Posted: October 4, 2017
Channel proliferation is no joke. Keeping up with traditional marketing channels, like print and email, along with social, search, and newly emerging opportunities can create a web of potential touch points so dense it's almost opaque. You can choose to hide away with your confusion and frustration, or you can look at your marketing options as a positive. After all, your healthcare consumers are individuals, each so different that employing several approaches at once means you have an excellent chance to engage more of them on a personal level. You just need a detailed and documented strategy.
Personas: Marketing successfully to a wide range (instead of a specific target group) means understanding the nuances between not only the age groups of your consumer audience but also their preferences for receiving information and how they then use the information they get. This is where persona building really comes in handy.
There's no need to create a persona for every single person that may engage with your health system. You can build personas using all different types of criteria: by age, by interests (mothers, Boomers, etc.), or by conditions, to name a few. In other words, personas are based on commonalities that segments your audience.
Journey Mapping: After you know who your consumers are, you need to understand where to reach them. As you map each persona's journey, think of the most common path or touch points for that group — bariatrics patients might enter your system through a seminar, then have a consultative appointment, then go through qualifying weight loss and follow-up appointments before scheduling surgery and post-operative visits, for example. Start by mapping these journeys and personas based on your most strategic service lines.
You can begin your journey mapping with social and search ads to target specific cohorts for immediate results you can track. With search and social ads, your consumers start their journey in one place, maybe find you on a different channel, and hopefully you can then bring them to a direct visit to your site. To get a good picture of how consumers found you, you need the right tracking and analytics tools equipped to handle long lead times (months) across both digital and offline touch points.
Once you've grabbed your consumers' attention, you have to be ready with backup content or strategy in case they dig deeper. If a consumer finds your organization with an online search after seeing an ad (as is the go-to habit of many consumers today), your organization should top the search results. And when they visit your site, relevant and valuable information should be available for them in one click, whether that's Find A Doc, bill pay, online appointment request, or content related to a specific condition.
Evaluation: A report from the American Marketing Association found that good advertising approaches can change healthcare consumer behaviors, but because measuring those results is so difficult (how can a consumer tell you exactly how your message changed a behavior?), marketers have to depend on longer term results to see if there's any impact, especially in healthcare with such long lead times between first impression/touch/click and scheduled appointment or bill pay. This means tracking everything so that over time you get a better picture of what's effective and what needs to change.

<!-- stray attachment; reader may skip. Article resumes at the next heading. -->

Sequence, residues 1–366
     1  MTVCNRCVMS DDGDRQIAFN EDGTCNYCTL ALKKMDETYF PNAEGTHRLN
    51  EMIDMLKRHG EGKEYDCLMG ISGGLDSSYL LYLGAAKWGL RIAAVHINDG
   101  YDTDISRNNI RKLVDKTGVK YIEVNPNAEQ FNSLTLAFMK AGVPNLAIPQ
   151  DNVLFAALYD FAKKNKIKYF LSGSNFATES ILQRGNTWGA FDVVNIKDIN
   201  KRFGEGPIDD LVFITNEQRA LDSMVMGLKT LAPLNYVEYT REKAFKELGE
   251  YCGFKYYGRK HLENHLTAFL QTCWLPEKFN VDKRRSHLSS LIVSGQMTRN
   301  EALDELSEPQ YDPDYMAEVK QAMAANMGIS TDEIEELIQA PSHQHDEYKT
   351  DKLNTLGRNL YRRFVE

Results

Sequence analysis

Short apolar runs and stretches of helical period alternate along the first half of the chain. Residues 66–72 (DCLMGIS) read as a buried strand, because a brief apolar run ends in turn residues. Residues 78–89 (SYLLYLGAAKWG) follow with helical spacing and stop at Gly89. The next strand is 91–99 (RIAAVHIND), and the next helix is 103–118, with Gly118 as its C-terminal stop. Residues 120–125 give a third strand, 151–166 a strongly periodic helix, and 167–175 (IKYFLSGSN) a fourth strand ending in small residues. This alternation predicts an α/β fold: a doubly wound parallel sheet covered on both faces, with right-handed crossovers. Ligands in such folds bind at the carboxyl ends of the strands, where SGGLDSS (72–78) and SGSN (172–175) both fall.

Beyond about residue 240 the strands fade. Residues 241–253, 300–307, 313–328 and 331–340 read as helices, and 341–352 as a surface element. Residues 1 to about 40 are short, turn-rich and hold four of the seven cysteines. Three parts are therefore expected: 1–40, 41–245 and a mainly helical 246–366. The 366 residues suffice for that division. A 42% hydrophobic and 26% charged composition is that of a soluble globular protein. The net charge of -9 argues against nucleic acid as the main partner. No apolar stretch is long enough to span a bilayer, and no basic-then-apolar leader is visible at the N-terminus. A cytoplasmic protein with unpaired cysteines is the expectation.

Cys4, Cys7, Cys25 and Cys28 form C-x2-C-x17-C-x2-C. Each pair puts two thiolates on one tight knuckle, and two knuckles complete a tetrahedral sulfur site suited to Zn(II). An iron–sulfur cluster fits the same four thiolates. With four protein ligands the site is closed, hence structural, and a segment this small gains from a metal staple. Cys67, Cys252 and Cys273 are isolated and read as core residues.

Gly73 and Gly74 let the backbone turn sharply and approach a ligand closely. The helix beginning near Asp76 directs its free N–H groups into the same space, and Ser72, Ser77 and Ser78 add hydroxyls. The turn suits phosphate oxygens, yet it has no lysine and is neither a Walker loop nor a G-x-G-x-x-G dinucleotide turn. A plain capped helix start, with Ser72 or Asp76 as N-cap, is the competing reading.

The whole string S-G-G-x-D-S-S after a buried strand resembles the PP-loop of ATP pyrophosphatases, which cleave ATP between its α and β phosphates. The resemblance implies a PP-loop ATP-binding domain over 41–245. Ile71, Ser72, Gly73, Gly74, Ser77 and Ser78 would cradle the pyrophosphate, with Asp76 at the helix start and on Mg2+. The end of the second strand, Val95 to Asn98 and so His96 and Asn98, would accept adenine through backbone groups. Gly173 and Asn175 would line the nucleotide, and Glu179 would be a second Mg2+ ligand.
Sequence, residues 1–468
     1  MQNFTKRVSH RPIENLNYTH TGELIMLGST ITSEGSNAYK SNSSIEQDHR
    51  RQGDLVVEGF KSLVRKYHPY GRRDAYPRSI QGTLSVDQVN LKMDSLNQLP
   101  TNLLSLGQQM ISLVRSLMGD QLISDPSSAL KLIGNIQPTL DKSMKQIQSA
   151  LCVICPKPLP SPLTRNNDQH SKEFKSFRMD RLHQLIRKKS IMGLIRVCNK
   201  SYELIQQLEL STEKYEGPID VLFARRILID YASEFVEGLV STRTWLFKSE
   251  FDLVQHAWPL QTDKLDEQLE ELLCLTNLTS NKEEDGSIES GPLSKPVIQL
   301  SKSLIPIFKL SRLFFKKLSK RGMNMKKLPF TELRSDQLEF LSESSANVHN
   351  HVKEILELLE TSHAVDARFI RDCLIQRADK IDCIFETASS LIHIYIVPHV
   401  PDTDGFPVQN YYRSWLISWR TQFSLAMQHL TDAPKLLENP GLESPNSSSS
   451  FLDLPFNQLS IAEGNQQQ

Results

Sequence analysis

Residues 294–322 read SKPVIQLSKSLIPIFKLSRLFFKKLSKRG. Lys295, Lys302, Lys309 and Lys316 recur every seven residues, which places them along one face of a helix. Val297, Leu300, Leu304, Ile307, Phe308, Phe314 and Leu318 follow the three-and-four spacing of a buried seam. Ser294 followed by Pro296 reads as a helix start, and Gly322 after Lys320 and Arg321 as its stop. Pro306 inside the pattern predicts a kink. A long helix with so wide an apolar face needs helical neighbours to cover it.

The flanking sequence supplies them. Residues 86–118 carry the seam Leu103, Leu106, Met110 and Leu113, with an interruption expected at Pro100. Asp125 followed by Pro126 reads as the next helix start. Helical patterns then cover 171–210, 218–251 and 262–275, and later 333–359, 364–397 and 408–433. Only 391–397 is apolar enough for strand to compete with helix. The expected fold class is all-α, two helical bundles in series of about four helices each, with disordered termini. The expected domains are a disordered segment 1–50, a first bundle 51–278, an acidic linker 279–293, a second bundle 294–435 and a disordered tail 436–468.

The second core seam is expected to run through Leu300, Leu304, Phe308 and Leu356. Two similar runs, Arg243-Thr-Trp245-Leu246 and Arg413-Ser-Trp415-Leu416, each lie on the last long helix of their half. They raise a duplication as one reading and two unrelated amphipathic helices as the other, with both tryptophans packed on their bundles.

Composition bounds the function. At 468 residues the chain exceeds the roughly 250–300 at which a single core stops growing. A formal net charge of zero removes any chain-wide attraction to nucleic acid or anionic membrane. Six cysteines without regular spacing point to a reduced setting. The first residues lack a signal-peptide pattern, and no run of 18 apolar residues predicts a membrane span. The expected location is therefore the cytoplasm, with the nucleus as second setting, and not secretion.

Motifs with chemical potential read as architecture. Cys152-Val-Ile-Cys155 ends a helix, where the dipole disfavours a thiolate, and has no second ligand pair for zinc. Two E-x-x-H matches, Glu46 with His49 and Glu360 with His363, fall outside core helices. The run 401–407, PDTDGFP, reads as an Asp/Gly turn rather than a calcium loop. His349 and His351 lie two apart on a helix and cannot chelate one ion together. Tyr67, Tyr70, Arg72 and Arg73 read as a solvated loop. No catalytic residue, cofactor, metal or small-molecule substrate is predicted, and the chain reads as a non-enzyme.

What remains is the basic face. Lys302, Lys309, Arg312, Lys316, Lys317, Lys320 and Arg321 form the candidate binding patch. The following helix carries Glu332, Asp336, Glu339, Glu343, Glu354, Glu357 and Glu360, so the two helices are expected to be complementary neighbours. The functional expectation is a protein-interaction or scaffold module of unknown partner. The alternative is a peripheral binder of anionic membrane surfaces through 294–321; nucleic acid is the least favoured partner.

The Power of Analytics
Analytics are an excellent way to see how many visits you'll get to your site, but you can also learn more. By directing consumers to a specific page on your site and then gathering data through heat maps and looking at things like bounce rates, you'll get a better understanding of the consumer experience.
If consumers are staying long enough and looking around a bit, you'll know your marketing efforts are starting to have an effect. (Though the biggest indicator is always going to be if they're clicking to schedule or if you can track their website activity through to a phone call or appointment.) Analytics can help you figure out if consumers are getting the information they are looking for on your site and reading your provided content. If they are overwhelmingly leaving a page that you expect them to take some time on or are consistently missing a call to action, it's time to find out what's causing their user experience to be less than great.
Modern Healthcare reported an uptick in healthcare marketing spending, and marketers need to make sure each dollar is spent wisely and targeted with a specific outcome in mind. Gone are the days of “spray and pray" marketing. Because you can measure marketing effectiveness these days, a campaign that brings in consumers but leaves them unable to understand your web content or not identify with your message is not a good use of media spend. Moral of the story: make sure both your campaign and your web presence are on target.
Building a healthcare digital marketing technology strategy that covers a lot of ground but allows you to track your efforts will provide a solid picture of both ROI and where your approach needs extra work (or is working especially well). Implement strategies that appeal to your entire base and use a mix of tried-and-true methods and cutting-edge approaches. Done successfully, you'll have captured a traditionally loyal consumer base who will both return to your organization and remain satisfied with the relationship.
Want to learn more healthcare marketing tips and tactics for success? Download our Healthcare Digital Marketing Toolkit.